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New Year's Postscript

In fact, I didn't skate into 20013:

I swam (well, more or less) in my first—and possibly last?—Coney Island Polar Bear Club New Year's Day PLUNGE.

 Of course, those crazy Polar Bears jump into the frigid water on their own at least once a month, all winter long. But once a year, on the first day of the new year, they issue an open invitation to The Public to join them on that wintry beach. And, for no particular reason, I'd decided, back in early December, that I'd be plunging with them this time.

I surprised myself by actually showing up mid-day, January 1.  And I was even more surprised to discover that the event has become, you know, a thing—which frankly, I should've anticipated, this being NYC, after all, where everything, and anything, stands a good chance of becoming a thing, at least for a short run. This, though, was huge, a hip, hyper-hyped destination (tour buses and all!), drawing over two thousand participants (as the hypy media later reported.) 

The point is, getting there at 1:00pm—which is when the running plunge was officially scheduled for—was way late: there was a discouragingly huge queue, snaking along the boardwalk. Grimly dragging my big bag (surf shoes, blanket, dry clothes et al.) toward the end of it, I was intercepted by a sweet Russian gal I know, who invited me to slip in with her small crew of local runners. No one around us seemed to mind, and I was glad to be part of a group, given the sheer numbers and the generally disorganized feel of the whole scene. That endless line seemed barely to be moving at all: I was more than ready when some one of us suggested that we just go, on our own, down to the sand, into the sea. We took ourselves and our stuff over a low fence, and headed toward the water's edge.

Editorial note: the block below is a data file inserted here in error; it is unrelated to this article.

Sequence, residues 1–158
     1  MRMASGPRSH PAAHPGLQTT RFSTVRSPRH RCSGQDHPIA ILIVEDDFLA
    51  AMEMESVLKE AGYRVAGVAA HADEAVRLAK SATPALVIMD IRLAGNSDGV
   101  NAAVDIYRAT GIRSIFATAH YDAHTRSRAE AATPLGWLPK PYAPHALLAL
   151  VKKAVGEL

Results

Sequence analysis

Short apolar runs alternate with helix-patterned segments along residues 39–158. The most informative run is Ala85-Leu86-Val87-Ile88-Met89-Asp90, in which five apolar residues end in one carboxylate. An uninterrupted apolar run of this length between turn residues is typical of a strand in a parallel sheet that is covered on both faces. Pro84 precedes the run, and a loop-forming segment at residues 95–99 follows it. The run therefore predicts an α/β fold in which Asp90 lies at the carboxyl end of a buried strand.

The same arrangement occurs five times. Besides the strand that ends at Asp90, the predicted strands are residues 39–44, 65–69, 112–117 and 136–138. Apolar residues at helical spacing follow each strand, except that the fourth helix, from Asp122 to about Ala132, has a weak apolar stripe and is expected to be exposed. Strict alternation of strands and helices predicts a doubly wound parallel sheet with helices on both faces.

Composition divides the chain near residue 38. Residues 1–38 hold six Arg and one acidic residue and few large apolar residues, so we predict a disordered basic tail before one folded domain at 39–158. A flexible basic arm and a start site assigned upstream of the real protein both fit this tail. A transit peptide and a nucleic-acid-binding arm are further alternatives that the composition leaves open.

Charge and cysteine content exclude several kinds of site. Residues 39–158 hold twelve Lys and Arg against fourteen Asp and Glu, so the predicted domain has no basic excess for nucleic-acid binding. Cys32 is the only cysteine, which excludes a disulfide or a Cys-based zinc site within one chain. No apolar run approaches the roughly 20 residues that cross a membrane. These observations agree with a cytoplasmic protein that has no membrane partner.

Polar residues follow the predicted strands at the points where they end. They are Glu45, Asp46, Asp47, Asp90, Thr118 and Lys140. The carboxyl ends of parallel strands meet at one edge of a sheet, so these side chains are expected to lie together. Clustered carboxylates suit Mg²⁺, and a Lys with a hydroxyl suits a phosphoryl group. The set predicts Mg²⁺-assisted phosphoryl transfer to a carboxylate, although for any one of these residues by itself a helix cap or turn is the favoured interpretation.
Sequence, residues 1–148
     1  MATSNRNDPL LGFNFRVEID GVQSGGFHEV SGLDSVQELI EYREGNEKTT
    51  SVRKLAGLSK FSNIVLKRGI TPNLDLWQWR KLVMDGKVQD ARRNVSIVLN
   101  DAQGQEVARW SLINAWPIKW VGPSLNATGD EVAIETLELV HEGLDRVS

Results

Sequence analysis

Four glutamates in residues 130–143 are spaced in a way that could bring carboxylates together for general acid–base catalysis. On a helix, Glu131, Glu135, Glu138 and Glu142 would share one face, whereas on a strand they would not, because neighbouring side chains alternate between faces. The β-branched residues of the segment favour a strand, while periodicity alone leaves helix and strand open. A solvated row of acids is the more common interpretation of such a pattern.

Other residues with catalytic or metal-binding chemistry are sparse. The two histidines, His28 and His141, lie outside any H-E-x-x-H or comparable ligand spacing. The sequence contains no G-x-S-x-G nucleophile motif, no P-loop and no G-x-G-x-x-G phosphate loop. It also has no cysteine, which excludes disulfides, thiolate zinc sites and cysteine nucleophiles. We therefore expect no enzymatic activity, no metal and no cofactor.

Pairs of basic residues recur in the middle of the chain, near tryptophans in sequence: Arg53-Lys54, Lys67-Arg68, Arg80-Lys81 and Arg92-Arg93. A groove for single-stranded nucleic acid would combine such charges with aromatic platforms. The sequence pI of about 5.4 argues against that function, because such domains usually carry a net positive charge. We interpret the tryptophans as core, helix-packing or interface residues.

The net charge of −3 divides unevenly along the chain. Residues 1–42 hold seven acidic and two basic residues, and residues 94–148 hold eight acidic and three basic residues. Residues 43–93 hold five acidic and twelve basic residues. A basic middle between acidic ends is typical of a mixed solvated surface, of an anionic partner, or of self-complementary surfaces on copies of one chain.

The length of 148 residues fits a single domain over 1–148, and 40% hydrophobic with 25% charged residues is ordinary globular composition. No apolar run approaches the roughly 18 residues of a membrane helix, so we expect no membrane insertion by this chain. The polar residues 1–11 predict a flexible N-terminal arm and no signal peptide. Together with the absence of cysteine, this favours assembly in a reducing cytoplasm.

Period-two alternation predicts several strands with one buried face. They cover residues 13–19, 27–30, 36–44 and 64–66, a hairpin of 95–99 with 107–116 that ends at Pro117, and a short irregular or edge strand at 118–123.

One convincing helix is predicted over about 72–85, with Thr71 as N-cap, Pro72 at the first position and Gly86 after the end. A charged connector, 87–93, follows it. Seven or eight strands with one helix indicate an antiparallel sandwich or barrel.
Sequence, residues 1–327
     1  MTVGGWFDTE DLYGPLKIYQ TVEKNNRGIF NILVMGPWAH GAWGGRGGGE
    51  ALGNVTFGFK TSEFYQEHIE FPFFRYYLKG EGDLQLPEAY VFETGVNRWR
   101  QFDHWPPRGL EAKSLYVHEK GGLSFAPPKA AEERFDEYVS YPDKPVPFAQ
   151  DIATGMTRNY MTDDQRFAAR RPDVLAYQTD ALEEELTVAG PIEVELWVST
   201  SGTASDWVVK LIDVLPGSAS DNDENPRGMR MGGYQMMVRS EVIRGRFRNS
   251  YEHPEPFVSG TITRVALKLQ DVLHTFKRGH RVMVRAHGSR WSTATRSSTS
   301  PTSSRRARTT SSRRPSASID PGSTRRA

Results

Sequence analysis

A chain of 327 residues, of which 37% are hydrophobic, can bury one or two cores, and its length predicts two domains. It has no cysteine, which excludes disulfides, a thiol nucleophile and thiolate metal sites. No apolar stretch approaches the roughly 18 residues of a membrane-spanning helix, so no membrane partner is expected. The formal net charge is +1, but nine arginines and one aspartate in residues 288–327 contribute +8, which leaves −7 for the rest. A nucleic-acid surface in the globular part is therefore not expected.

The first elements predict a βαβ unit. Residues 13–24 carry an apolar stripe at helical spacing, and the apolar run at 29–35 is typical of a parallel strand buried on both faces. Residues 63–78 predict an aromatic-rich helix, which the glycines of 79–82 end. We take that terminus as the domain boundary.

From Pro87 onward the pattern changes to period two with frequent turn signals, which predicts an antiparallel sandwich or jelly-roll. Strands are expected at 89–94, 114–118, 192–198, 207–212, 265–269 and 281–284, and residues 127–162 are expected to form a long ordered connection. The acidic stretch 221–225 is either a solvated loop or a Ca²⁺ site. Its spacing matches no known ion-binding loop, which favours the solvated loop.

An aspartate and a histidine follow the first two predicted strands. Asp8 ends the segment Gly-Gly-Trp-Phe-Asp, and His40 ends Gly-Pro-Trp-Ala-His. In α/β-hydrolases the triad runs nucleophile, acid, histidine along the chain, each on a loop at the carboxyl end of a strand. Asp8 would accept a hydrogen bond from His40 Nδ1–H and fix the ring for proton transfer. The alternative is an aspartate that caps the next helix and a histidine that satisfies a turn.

Somehow, though, I lost them before I was halfway there. Whaaaa@#$%^&*!!!!! The chagrin I felt seemed excessive: I understood only later that it had to do with my now being entirely on my own, no private little gang, no giant public mob, no one at all to run screaming and laughing with into the surf. Personal challenge though the plunge may be, it's meant to be shared; that's part of the fun (painful as it is.) The only one I still had with me was my more than slightly dubious better half, documenting things at a safe remove.

Can you find me (wearing a b&w Volcom rash guard, half-hidden behind a fairly furry bear...)?

Ah well. Having shed my winter layers and slipped on my surf shoes, I trudged down to the foam, and plunged in—there's no other way to do it—swimming out, for, oh, all of fifteen seconds, I'd say. There wasn't a soul around but for one older Russian lady, who was slowly walking circles in the dark, waist-deep waves, smiling, evidently enjoying. She probably laughed as I dashed out, pounding back up the beach toward that wonderfully warm Turkish blanket, and then, the heated changing room up on the boardwalk. I was laughing a little myself; it wasn't without its funny sense of satisfaction, after all, though it was over, done, in a sort of blue-tinged blur. I suppose I would call the actual plunge a bit—anti-climactic. It's probably just as well that I didn't have any particular expectations about this peculiar New Year's ritual: indeed, I didn't particularly expect I'd do it.

But I did. I did it, whatever it is. A chill way to kick-start a New Year: yeah. I think I'll leave it at that, at least for the time being...

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